According to NowThis, dairy-free banana milk is currently being produced by two different companies: Banana Wave, which offers a creamy banana-heavy taste, and Mooala, which is a bit more subtle. Despite being totally separate endeavors, both versions have a similar—and long!—history, originating in ancient Africa thousands of years ago. But is the fruity milk option actually healthy to drink? Well, it depends on which option you choose.
"On the whole, the nutritional makeup of banana milk is going to vary a lot depending on what the bananas are blended with. Versus a cup of, say, almond milk, the calories are higher, but you can also get more protein and fiber." —Amy Gorin, registered dietitian nutritionist
One 150-calorie, 1 cup serving of Banana Wave contains 4 grams of protein and 18 grams of sugar (including 5 grams of added sugar) from a list of ingredients that includes banana purée, whole soybeans, and oat flour. A 60-calorie, 1 cup serving of Mooala, on the other hand, contains just 3 grams of sugar (none added), 1 gram of protein, and an ingredients list that includes organic banana purée, organic roasted sunflower seed butter, and cinnamon. "When choosing an alternative milk to drink on the daily, I would opt for one that’s higher in protein and that contains no added sugar," Amy Gorin, MS, RDN, owner of Amy Gorin Nutrition in the New York City area, tells me. "On the whole, the nutritional makeup of banana milk is going to vary a lot depending on what the bananas are blended with. Versus a cup of, say, almond milk, the calories are higher, but you can also get more protein and fiber. The sugar content is also higher, and that comes both from the banana purée and the added sugar."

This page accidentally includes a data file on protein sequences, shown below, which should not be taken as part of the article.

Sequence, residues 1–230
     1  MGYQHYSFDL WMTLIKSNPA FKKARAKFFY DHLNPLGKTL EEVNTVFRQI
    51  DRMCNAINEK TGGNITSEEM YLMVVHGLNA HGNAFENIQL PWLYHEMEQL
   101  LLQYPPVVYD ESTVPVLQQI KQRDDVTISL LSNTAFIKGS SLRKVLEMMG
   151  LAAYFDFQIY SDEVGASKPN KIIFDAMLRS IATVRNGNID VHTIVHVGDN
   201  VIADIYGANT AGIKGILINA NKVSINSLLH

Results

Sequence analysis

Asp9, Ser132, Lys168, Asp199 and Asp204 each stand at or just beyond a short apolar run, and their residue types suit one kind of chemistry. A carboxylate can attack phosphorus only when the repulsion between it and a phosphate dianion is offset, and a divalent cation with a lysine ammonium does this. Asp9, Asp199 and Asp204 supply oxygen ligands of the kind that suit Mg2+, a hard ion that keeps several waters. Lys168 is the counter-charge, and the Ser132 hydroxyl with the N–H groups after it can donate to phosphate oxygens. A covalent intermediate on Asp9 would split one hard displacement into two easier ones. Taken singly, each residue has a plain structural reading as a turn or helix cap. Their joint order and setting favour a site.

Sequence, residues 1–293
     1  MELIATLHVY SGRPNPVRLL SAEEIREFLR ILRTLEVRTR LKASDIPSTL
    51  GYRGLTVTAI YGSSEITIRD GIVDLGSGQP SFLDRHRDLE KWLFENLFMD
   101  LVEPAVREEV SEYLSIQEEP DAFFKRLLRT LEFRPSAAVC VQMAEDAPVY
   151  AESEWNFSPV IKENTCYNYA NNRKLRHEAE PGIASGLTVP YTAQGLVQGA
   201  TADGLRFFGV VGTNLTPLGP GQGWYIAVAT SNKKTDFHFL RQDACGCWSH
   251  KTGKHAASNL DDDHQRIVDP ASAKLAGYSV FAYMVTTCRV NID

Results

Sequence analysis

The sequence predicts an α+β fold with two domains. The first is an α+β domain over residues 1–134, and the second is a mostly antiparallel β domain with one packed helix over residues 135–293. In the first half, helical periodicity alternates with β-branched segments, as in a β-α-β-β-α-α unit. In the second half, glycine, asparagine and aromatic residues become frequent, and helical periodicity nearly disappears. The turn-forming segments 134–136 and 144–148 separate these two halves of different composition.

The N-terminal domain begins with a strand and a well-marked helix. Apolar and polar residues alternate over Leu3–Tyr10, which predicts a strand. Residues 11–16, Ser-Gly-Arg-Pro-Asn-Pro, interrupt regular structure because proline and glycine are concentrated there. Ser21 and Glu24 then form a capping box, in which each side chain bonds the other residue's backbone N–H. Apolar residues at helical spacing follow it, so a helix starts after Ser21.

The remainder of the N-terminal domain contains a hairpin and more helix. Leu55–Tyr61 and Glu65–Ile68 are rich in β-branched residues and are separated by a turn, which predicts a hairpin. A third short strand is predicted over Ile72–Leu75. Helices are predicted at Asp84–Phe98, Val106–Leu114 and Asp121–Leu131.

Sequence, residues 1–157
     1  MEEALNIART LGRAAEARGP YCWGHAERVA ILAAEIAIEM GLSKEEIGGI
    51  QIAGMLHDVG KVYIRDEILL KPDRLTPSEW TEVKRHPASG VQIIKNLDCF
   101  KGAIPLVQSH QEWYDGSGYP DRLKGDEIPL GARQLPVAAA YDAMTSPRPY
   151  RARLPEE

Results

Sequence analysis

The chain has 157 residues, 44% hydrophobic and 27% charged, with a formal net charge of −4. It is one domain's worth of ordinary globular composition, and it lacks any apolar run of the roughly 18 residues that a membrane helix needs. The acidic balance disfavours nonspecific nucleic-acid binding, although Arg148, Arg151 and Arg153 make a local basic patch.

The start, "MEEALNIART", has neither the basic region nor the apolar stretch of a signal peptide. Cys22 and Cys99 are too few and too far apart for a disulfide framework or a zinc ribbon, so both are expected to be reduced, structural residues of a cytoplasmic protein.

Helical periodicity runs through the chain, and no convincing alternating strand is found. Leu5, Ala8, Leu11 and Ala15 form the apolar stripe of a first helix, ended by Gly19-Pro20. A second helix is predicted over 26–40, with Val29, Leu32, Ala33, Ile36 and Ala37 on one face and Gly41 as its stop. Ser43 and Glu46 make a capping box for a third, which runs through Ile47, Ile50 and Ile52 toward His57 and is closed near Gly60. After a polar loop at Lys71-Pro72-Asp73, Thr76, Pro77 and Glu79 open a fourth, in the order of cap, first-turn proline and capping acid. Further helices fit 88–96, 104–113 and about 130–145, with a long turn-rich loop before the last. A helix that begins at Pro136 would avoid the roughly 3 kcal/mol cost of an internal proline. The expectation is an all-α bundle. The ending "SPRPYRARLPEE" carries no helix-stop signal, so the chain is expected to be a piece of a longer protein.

When the variety is chosen wisely, banana milk can prove to be a solid vegan option for your morning smoothie and lattes alike. And if you don't want to depend on the supermarket's supply, you can easily make your own wholesome version by simply blending a banana and filtered water until it's nice and creamy, says McKel Hill, RDN, founder of Nutrition Stripped and Well+Good Council member.
Keep in mind that the FDA probably isn't going to consider this beverage "milk," because despite the body-boosting benefits to glean from the alt-drink, the administration is currently protesting plants and other sources using the name—particularly because they don't lactate. But no matter what it's called, you can feel good, nutritionally speaking, about ditching moo juice for this fruity goodness—so long as you do your due diligence and read food labels closely, that is.
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